A new-ish post on SFWA has Nick Mamatas, Haikasoru’s editor-in-chief, talking about Japan’s best SFF. He admits that it’s a wee bit out of date, but presents a 2006 list voted on by readers of SF Magazine in Japan. Five years is long enough that one or maybe two books could sneak on to the list, but not really long enough for substantial turn over. Mamatas and Masumi Washington give a brief description and some commentary in their article, which I highly recommend. I read the list hoping to nod my head and say, “Yes, I agree.” Instead, my response was more like, “uh-oh, I’ve got a lot of reading to do.” First, the list. After that, some comments and recommendations.
1. Hyakuoku no hiru to senoku no yoru (Ten Billion Days and One Hundred Billion Nights) by Ryu Mitsuse (1967)
2. Hateshinaki nagare no hate ni (At the End of the Endless Stream) by Sakyo Komatsu (1966)
3. Yoseiden (Legend of an Enchanted Planet) by Ryo Hanmura (1975)
4. Minus Zero by Tadashi Hirose (1970)
5. Houseki dorobou (Jewelry Thief) by Masaki Yamada (1980)
6. Kami gari (God Hunting) by Masaki Yamada (1975)
7. Fukkatsu no hi (The Day of Resurrection) by Sakyo Komatsu (1964)
8. Musubi no yama hiroku (A Private Record of Mt. Musubi) by Ryo Hanmura (1973)
9. Yukikaze by Chohei Kambayashi (1984)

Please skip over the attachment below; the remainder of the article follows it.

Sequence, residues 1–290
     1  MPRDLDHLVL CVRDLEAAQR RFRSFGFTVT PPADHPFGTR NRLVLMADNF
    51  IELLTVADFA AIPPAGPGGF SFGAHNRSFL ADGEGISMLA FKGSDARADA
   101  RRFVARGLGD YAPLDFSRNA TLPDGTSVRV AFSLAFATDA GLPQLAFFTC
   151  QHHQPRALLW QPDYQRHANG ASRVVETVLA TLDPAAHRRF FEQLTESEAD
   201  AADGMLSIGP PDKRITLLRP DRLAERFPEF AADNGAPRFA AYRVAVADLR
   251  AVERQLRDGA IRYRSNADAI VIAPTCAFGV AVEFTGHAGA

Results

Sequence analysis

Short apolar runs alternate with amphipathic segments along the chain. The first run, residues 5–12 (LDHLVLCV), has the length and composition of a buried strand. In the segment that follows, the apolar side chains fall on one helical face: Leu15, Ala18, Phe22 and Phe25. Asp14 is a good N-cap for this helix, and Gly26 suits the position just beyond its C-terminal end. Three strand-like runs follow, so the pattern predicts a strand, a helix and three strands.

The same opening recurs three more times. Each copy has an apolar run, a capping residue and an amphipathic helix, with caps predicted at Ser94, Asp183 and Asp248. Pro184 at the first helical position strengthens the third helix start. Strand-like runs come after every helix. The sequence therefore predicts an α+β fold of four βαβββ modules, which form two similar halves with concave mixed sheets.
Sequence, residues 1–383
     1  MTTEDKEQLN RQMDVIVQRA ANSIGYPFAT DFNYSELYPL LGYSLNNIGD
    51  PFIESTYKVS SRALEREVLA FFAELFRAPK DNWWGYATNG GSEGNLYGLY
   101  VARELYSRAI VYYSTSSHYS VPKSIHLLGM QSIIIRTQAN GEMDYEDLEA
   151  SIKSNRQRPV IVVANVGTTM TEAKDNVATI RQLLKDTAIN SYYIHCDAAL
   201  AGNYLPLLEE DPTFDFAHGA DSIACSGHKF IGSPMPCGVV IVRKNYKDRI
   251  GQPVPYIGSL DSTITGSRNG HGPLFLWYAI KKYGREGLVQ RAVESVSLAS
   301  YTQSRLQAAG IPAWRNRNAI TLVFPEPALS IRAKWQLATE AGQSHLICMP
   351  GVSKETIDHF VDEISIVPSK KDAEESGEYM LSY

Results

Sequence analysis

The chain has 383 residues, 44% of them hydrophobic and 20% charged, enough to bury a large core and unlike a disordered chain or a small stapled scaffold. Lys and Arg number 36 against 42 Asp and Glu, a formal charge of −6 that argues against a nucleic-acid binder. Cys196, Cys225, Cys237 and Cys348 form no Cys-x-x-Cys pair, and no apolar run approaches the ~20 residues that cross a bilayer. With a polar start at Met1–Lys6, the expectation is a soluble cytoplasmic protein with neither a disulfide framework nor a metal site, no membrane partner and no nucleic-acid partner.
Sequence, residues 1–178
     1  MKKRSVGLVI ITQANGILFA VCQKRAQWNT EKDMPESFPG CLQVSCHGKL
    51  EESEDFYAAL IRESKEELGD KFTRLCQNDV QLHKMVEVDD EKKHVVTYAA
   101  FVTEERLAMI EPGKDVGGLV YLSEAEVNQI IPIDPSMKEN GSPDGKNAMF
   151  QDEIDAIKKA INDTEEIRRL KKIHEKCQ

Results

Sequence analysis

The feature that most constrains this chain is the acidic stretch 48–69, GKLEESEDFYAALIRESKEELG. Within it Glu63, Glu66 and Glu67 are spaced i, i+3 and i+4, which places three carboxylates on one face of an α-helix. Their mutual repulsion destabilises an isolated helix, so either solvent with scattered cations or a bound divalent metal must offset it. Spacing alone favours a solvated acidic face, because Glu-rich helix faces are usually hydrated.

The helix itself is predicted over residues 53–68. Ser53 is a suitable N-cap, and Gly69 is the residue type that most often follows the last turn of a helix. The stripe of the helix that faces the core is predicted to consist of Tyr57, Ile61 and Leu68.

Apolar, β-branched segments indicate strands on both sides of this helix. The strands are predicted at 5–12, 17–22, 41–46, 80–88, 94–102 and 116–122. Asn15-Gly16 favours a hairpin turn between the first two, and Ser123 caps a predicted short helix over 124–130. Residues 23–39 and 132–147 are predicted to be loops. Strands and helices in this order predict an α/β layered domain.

10. Nippon chinbotsu (Japan Sinks) by Sakyo Komatsu (1973)
First, the bad news. I have only read one book on this list, Japan Sinks. As far as I can tell, only Japan Sinks and Yukikaze are available in English. Haikasoru will release Ten Billion Days in November, so I’d better line up for a copy. (Maybe I should accept donations so I can afford the hardback?) Lest our readers think that he only writes insanity, Komatsu takes the prize with three books. I have Day of Resurrection here in the house, but I’m doubtful I can finish it before it needs to go back to the library. Yamada and Hanmura have two each, which means just three authors wrote seven of the Top 10.
The genres involved surprised me a bit. The list calls itself SF, but judging from the descriptions provided, only numbers 1, 2 and 9 are SF in the traditional sense. The Hanmura books are much more fantasy, as is Jewelry Thief. Komatsu’s other two are disaster novels, while numbers 4 and 6 are perhaps contemporary fantasy. Again, please read the source article for better descriptions than I can give. Reading recommendations are limited by language, of course, but even if everything was in English I would still recommend Yukikaze as a good place to start. (This despite not reading it myself. I may break down and buy a copy online.) It has the most typical SF plotline, with spaceships, aliens, galactic war, etc.
I was surprised not to see The Girl Who Leapt Through Time, by Tsutsui Yasutaka, on the list, or anything by Hoshi Shinichi. These two and Komatsu comprise Japan’s Big Three of SF and Tsutsui’s book has gained popularity far beyond the SF community. However, since I haven’t read any of these, I am in no way qualified to make judgments. Look for reviews and summaries in the coming months, as I dig further into Japanese classics.